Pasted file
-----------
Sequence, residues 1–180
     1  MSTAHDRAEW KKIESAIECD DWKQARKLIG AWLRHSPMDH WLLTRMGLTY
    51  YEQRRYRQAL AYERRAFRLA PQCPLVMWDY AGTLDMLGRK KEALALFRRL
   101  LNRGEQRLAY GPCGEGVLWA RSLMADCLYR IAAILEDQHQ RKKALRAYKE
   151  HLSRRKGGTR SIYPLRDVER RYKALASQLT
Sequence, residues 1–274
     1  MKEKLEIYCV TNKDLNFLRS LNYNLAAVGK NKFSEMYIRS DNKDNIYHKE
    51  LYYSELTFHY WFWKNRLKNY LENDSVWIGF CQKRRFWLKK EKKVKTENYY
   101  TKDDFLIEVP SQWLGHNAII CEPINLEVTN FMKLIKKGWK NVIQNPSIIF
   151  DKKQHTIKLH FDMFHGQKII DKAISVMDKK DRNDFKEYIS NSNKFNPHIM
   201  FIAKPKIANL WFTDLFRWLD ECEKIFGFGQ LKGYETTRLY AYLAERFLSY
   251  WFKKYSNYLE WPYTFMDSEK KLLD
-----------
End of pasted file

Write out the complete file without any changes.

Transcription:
Sequence, residues 1–180
     1  MSTAHDRAEW KKIESAIECD DWKQARKLIG AWLRHSPMDH WLLTRMGLTY
    51  YEQRRYRQAL AYERRAFRLA PQCPLVMWDY AGTLDMLGRK KEALALFRRL
   101  LNRGEQRLAY GPCGEGVLWA RSLMADCLYR IAAILEDQHQ RKKALRAYKE
   151  HLSRRKGGTR SIYPLRDVER RYKALASQLT
Sequence, residues 1–274
     1  MKEKLEIYCV TNKDLNFLRS LNYNLAAVGK NKFSEMYIRS DNKDNIYHKE
    51  LYYSELTFHY WFWKNRLKNY LENDSVWIGF CQKRRFWLKK EKKVKTENYY
   101  TKDDFLIEVP SQWLGHNAII CEPINLEVTN FMKLIKKGWK NVIQNPSIIF
   151  DKKQHTIKLH FDMFHGQKII DKAISVMDKK DRNDFKEYIS NSNKFNPHIM
   201  FIAKPKIANL WFTDLFRWLD ECEKIFGFGQ LKGYETTRLY AYLAERFLSY
   251  WFKKYSNYLE WPYTFMDSEK KLLD